When should students be suspended?

The P.E.I. Public Schools Branch is looking for comments on its school suspension policy, and you had lots to say about it on Facebook.
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The P.E.I. Public Schools Branch is asking for input on its latest suspension policy, which outlines how and why Island students can be suspended.

"This kind of policy ensures that there's a common practice across the entire Public Schools Branch," said PSB director Parker Grimmer.

The policy covers specific reasons students might be suspended  — such as drug use or bullying — as well as general reasons, such as opposition to school authority.

School suspensions — and what the new policy should cover — garnered lots of comments on CBC Prince Edward Island's Facebook page.

(Please note that usernames are not necessarily the names of commenters. Some comments have been altered to correct spelling and to conform to CBC style.)

Parents have to do their job

"School is not a place for kids to go and learn about how they should act in society. That is taught at home," said Destiny Wells-Arsenault. "Parents have a responsibility for their children until they are legal age. So yes, if that means parents have to take the day off then I hope they make that day worth it and help their kids know that what they did was not OK."

A child's behaviour starts with the parents, say some comments. (VGstockstudio/Shutterstock)

"​Stop expecting teachers to parent your child," Scott Boswall chimed in. "They've got 30-plus students to look after every day. You've got a responsibility, too. And for those out there who think their child shouldn't have been suspended and refuse to reinforce the problem, you're likely the problem to begin with. Stop trying to bubble wrap your child."

An alternative to suspensions

Some of the comments opposed the idea of suspension altogether.

"Every time I hear the word suspension I cringe," wrote Kathryn Thompson. "These students don't need to be kicked out of school…. Maybe there are underlying reasons for their behaviour. Maybe they just need somebody they can talk to, somebody they can trust or maybe they are just being jerks. But depriving them of an education is not the solution!"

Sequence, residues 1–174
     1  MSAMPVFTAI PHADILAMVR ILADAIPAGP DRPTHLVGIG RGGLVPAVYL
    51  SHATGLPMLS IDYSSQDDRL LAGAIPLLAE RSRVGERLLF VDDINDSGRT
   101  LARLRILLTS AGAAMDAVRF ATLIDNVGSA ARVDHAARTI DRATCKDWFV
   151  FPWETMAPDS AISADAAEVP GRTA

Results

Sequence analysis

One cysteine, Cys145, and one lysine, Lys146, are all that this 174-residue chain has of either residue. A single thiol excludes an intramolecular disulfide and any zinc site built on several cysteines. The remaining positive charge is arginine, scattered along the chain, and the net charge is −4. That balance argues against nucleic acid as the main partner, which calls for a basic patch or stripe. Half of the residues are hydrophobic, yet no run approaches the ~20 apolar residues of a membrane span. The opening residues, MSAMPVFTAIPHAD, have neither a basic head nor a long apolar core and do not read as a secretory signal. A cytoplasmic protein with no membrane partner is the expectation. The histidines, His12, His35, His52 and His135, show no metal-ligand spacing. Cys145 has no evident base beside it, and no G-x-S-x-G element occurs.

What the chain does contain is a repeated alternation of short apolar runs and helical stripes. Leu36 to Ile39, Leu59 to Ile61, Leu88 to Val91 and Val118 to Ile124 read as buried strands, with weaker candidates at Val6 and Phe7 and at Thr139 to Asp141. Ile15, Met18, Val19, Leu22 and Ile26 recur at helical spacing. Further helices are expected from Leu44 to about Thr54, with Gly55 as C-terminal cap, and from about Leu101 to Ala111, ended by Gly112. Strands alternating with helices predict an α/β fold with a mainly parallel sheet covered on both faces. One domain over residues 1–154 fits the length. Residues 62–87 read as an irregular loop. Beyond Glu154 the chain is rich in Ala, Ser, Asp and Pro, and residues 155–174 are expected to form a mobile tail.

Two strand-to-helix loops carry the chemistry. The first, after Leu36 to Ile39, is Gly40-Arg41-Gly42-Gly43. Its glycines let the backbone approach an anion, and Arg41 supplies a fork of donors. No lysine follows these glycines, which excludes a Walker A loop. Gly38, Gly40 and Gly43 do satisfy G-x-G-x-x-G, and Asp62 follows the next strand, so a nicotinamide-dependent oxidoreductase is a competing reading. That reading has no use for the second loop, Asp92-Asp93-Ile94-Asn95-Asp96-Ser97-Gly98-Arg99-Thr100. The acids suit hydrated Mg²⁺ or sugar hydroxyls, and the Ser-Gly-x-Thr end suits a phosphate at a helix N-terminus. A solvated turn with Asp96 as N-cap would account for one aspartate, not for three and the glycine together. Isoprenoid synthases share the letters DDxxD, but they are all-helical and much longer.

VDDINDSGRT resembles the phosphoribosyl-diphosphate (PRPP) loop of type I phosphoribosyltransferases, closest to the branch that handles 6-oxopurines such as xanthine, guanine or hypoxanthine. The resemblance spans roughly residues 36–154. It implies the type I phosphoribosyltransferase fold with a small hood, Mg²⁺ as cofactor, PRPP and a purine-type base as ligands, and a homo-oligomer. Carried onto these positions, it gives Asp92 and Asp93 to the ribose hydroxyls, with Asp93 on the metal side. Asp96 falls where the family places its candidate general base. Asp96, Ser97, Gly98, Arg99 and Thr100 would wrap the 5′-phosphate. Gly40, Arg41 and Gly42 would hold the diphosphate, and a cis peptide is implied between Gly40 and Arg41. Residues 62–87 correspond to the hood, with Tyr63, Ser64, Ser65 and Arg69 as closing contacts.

"Suspending gives most kids a day off while their parents work," said Shawna Richards. "Sleeping in, a day on electronics or finding themselves in bad situations."

Counselling and mindfulness

"Mandatory counselling too would be nice," said Katie Poirier. "A little help and positive direction would go a long way."

"I know school counsellors are overworked as it is, but these kids act out for a reason," said Denise Dawn MacLeod.

Some comments suggest counselling or meditation as ways to address the underlying issue of a child's behaviour, rather than suspension. (Getty Images)

"Teaching children meditation, mindfulness, empathy, compassion and other positive traits, instead of giving them detention and/or suspending them may do far more good," added Dwayne Robbie.

A trip to the janitor's office?

Some of the comments suggested a more appropriate punishment would be putting kids to work with the janitor.

A kid should not be suspended," said Justin Harris. "They should have the day off school to attend school janitor services such as scraping gum off sidewalks, under desks, sweeping floors, mopping floors, emptying trash cans, lots of stuff to help the janitor with."

But Jo-Anne CK had some concerns about that proposal.

"Being a janitor in a school myself I am there to maintain the cleanliness of the school not to look after a kid," she said.


To encourage thoughtful and respectful conversations, first and last names will appear with each submission to CBC/Radio-Canada's online communities (except in children and youth-oriented communities). Pseudonyms will no longer be permitted.

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